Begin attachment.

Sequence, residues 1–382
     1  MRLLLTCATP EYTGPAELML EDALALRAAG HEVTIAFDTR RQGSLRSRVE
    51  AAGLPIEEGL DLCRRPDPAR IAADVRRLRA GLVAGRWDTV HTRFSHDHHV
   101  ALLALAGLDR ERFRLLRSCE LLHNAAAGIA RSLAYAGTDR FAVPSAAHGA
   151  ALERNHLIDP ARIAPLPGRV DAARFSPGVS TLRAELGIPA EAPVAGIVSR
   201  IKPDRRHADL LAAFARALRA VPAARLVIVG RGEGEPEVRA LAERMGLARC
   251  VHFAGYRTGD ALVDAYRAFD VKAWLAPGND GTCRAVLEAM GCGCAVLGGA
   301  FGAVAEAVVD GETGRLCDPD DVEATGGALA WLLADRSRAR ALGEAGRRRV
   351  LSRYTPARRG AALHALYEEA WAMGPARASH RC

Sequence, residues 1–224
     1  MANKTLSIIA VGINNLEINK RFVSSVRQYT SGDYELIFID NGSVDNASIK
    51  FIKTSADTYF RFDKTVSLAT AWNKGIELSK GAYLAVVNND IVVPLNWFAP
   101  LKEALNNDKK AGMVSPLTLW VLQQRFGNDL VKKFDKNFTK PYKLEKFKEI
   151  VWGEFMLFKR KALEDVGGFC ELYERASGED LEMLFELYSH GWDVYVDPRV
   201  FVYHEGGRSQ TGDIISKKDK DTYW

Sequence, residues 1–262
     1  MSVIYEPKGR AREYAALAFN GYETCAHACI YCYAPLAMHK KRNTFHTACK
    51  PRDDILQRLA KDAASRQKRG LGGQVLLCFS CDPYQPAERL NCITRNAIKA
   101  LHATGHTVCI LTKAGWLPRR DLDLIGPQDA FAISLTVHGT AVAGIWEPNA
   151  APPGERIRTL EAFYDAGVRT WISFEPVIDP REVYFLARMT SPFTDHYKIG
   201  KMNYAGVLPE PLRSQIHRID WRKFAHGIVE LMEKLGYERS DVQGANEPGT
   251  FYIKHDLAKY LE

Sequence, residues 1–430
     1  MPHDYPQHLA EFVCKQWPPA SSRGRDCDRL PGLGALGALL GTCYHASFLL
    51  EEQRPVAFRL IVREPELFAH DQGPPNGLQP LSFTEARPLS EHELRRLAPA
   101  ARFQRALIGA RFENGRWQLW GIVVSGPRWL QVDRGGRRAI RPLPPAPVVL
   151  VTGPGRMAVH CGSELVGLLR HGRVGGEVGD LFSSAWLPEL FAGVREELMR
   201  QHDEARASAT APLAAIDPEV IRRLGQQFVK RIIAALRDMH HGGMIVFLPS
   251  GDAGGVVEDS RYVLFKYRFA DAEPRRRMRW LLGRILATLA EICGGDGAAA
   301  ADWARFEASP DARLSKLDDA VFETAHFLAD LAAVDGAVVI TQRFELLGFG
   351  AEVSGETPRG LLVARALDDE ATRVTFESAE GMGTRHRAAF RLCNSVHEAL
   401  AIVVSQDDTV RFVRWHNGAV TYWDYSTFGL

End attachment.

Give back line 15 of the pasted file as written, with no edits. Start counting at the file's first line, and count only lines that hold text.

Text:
   201  FVYHEGGRSQ TGDIISKKDK DTYW